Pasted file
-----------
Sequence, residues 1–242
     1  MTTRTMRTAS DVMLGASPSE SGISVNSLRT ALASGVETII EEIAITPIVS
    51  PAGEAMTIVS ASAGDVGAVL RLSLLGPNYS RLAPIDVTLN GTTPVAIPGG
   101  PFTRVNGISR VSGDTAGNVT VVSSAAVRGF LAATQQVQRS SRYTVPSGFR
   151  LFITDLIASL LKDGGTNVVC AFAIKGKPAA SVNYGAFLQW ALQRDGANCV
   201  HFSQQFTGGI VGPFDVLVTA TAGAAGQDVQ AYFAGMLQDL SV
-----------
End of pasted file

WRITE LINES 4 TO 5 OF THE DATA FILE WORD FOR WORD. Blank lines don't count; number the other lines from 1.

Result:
   101  PFTRVNGISR VSGDTAGNVT VVSSAAVRGF LAATQQVQRS SRYTVPSGFR
   151  LFITDLIASL LKDGGTNVVC AFAIKGKPAA SVNYGAFLQW ALQRDGANCV